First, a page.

Medal success of 1914 is still being toasted century on
This is the bronze medal that Michael McGlade's grandfather won at the Balmoral Show — 100 years ago this week.
Frank McGlade and his brother Patrick won it for the trade turnout category in 1914 with the pony and trap they used to deliver alcohol to their pubs throughout Belfast city centre.
The McGlades ran a small empire of pubs, including one in Peter's Hill, another where Queen's Arcade now stands, and the Old Vic next door to the Belfast Telegraph, a popular drinking spot among journalists.
“Journalists from all over the world would have used it during the Troubles,” Michael said.
“If you wanted contact with the Press, you went to the Old Vic.”
The pony and trap would have been a familiar sight around turn-of-the-century Belfast and the turnout won Patrick and Frank a bronze medal at the Balmoral Show, a medal which is still prized by the family. This year, their descendants decided to make a family day of it at Balmoral, even wearing fleeces embroidered with ‘McGlade Memorial Centenary 2014'.
Michael and his brother brought a horse to this year's show, but sadly it didn't win anything.
“It only struck me last year about this,” Michael said.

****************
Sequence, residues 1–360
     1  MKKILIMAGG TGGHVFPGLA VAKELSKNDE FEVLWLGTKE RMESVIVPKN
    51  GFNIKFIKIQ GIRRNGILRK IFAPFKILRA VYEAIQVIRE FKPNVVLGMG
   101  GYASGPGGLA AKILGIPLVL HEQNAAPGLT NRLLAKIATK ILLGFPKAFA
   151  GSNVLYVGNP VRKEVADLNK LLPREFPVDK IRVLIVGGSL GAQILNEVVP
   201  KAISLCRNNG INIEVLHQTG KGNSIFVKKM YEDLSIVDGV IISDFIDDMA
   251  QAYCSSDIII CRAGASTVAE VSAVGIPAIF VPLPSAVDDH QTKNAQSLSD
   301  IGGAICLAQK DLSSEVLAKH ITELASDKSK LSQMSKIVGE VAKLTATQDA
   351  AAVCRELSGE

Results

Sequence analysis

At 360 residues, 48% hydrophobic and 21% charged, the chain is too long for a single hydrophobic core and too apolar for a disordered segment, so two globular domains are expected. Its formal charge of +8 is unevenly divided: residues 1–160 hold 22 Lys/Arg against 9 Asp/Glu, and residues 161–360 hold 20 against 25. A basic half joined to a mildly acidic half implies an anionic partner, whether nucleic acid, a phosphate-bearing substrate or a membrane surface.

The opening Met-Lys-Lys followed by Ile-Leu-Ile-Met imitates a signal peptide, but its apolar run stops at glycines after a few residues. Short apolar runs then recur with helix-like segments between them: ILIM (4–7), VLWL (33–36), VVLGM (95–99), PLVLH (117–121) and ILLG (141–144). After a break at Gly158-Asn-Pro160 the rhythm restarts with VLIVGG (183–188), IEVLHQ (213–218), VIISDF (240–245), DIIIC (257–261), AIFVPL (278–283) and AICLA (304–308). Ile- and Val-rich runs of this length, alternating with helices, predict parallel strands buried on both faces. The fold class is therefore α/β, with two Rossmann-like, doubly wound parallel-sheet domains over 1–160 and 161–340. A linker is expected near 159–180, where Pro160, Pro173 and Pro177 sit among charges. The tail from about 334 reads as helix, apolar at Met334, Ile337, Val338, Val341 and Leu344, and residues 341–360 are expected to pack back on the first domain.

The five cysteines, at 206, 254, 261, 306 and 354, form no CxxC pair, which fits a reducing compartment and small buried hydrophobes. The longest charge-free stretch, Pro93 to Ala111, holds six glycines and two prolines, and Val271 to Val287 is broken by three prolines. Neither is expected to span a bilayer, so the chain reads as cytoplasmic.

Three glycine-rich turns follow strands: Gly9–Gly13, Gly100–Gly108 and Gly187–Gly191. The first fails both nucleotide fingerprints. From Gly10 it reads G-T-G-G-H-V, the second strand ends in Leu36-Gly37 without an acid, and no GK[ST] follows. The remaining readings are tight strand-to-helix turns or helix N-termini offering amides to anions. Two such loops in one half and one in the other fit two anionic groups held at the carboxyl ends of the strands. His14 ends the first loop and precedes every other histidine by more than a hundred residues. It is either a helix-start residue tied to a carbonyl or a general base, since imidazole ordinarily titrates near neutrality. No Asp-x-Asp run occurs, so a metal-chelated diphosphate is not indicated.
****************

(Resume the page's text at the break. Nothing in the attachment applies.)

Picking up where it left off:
“I thought next year will be 100 years since grandfather won that. Wouldn't it be nice to bring something to Balmoral and show it 100 years later? The whole family were here — it was a family day out to celebrate 100 years.
“This medal was awarded to Patrick and Frank, and then my father ran the business. He was Big Frank — everybody knew Da.
“They owned the Queen's Arcade pub (McGlades) and they owned the International in Donegall Street, where the park is for the Art College. It was destroyed in the Blitz, as was another pub they had, the Bambridge Bar in Sugarhouse entry in High Street.
“But none of us had any interest, and my dad sold the business in 1981.”
Even though Michael never got involved in the pub business, he did carry on the Balmoral tradition.
“I showed pedigree cattle here in the 1980s and won a cup for reserve champion for a Limousin bull,” he explained